The first pitfall is not to pray at all!  Only a prosaic barbarian never bows his head to his Maker.  But when we do there are warnings all around:  “vain repetition” (Matt. 6:7); “to be seen of men” (Matt. 6:5); our prayers “hindered” by quarreling with our spouse (1 Pet. 3:7); sleeping and falling “into temptation” (Lk. 22:46); “fainting” in our Christian walk because we do not pray (Lk. 18:1); selfishly asking “amiss” (Jas. 4:3).

Pitfalls like these happen more to people who rush into God’s throne room with little thought or reverence for what is about to take place.  The overly cautious soul should not let his backwardness deter him, but rather let it be a good and natural governor to proceed on and learn what holy boldness is all about.

The Possibilities of Prayer

Yes, prayer changes things!  No one can explain exactly how Almighty God can be Sovereign over His whole creation and yet heed the prayers of His children.  But, “The effectual fervent prayer of a righteous man availeth much” (Jas. 5:16).  “For the eyes of the Lord are over the righteous, and his ears are open unto their prayers” (1 Pet. 3:12).  “Ask, and it shall be given unto you; seek, and ye shall find; knock, and it shall be opened unto you.  For everyone that asketh receiveth; and he that seeketh findeth; and to him that knocketh it shall be opened” (Lk. 11:9-10).

We do not have to understand everything about prayer in order to do it.  We are praying to the God of the universe!  If He has asked us to ask, then we should ask!

G. Campbell Morgan gave this English story of church prayer:

One day in a Yorkshire prayer-meeting there came a stranger who did what many men are in the habit of doing—God forgive them—he made a prayer.  When he had been talking twenty minutes, and no living man ought to pray in a prayer-meeting above five, and had been giving the Almighty information of which He had been in possession long before the man was born, at last he said, ‘And now, O Lord God, what more shall we say unto Thee?’  An old man who knew how to pray audibly replied, ‘Call Him Feyther, mon, and ax for summat.’4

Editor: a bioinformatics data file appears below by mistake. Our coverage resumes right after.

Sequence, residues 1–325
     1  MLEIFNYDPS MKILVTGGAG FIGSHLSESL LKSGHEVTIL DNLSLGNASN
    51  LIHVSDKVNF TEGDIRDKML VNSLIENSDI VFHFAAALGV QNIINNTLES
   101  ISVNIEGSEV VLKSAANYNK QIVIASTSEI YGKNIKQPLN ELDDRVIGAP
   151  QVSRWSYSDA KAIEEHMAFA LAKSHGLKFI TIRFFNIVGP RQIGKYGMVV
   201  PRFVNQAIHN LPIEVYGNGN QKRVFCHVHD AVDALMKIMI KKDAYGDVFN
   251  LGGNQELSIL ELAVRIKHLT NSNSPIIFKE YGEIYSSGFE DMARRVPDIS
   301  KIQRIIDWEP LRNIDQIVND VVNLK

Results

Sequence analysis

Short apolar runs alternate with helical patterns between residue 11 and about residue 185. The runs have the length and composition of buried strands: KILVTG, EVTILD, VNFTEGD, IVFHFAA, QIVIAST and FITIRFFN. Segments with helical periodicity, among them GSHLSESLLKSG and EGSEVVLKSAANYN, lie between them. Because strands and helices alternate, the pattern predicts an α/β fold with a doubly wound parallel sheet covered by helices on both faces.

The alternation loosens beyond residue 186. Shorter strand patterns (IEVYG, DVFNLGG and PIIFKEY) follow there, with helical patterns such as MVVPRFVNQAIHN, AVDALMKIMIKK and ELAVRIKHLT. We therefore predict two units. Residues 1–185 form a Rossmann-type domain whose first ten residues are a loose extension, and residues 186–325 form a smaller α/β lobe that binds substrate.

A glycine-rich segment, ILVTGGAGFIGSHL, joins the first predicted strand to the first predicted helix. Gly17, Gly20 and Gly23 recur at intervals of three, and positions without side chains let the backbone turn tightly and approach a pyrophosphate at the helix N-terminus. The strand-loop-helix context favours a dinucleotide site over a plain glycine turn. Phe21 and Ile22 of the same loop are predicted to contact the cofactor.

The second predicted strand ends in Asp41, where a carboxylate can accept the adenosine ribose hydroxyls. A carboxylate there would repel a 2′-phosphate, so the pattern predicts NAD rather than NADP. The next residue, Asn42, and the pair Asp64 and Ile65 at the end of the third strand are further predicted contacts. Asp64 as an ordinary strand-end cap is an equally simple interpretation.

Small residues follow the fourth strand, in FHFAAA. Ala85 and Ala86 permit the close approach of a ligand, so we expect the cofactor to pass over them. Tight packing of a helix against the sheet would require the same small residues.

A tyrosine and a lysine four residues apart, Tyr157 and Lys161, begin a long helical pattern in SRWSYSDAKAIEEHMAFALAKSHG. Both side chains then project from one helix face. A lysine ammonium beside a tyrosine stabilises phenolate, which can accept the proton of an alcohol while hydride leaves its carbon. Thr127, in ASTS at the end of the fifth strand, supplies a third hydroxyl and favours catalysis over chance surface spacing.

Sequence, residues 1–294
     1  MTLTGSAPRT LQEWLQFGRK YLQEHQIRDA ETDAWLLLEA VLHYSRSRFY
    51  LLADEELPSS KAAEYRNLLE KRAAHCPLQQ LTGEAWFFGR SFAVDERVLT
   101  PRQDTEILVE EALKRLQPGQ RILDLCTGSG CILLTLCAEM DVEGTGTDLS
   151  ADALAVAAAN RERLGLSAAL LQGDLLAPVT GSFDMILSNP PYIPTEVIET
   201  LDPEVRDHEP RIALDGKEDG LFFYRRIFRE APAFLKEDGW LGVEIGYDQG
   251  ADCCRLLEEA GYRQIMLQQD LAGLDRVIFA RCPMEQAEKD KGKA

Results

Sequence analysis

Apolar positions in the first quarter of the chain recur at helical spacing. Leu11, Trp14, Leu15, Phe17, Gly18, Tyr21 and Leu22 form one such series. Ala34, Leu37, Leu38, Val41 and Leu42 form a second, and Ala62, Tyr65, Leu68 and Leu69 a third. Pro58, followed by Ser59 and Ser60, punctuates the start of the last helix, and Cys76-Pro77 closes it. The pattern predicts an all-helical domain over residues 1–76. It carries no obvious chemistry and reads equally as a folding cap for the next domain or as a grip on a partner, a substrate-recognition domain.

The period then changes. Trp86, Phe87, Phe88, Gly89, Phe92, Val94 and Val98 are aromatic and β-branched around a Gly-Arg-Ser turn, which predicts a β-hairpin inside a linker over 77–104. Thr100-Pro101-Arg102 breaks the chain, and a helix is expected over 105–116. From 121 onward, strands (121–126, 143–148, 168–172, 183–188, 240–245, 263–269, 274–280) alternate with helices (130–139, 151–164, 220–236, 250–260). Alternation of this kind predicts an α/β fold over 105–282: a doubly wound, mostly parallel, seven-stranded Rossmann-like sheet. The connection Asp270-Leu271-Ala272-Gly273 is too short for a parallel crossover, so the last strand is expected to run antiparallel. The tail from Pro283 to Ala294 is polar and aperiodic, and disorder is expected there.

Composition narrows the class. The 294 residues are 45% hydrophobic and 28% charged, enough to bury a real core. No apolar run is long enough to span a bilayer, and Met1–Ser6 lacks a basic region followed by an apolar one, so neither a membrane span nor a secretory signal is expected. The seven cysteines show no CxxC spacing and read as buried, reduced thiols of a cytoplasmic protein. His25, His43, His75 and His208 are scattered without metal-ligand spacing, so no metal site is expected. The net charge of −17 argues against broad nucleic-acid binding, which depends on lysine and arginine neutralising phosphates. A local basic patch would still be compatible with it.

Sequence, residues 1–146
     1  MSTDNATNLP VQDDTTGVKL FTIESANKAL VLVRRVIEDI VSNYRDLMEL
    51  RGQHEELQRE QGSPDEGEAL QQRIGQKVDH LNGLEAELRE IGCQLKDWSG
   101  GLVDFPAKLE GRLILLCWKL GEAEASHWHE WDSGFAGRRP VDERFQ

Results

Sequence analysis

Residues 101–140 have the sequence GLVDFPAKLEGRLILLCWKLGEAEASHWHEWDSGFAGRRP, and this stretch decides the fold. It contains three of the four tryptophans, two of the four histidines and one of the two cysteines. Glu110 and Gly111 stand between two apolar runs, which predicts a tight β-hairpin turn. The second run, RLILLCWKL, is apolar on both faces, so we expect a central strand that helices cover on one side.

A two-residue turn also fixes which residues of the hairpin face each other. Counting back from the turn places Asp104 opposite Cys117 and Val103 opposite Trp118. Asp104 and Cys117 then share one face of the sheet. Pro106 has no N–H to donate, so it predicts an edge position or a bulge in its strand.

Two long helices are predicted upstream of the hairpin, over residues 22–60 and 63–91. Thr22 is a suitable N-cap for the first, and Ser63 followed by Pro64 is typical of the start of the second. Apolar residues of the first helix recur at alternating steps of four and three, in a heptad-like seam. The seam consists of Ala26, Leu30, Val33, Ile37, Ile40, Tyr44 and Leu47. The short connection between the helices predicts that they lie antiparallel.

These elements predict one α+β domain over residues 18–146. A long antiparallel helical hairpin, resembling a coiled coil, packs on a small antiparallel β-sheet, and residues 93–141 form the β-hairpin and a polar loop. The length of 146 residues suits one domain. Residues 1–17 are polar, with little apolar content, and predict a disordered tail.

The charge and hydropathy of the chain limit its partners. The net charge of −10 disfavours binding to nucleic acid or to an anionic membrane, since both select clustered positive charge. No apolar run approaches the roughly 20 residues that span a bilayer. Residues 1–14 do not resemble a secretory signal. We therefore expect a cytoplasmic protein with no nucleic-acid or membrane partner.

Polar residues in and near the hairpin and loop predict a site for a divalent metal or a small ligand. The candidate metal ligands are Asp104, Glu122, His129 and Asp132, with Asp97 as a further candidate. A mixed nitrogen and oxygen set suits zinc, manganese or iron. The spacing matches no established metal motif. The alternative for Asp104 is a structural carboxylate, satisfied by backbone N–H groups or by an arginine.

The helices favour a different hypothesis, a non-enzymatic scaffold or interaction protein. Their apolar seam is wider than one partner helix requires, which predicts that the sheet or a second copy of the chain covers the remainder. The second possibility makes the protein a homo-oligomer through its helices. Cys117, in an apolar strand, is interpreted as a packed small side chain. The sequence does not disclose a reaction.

And So . . . .

We must put away our fears and inhibitions and find our way back to our knees.  Whether we understand how God saw our prayers before the foundation of the world and took our requests into consideration or not, we dare not be disobedient to the Creator and Father by neglecting to come to Him in confession, praise, and request.  We have never needed it so much as now and He has never been any more willing to hear and answer than He is today.

Notes:
1. A.W. Tozer, The Next Chapter After The Last  (Camp Hill: Christian Pub., 1987) 120.
2. H.A. Ironside, Holiness, The False And The True (New York:  Loizeaux Brothers, nd.) 136.
3. Homer Kent, Ephesians:  The Glory of the Church (Chicago:  Moody Press, 1971) 57.
4. G. Campbell Morgan, The Practice of Prayer (London:  Fleming H. Revell, 1906) 118.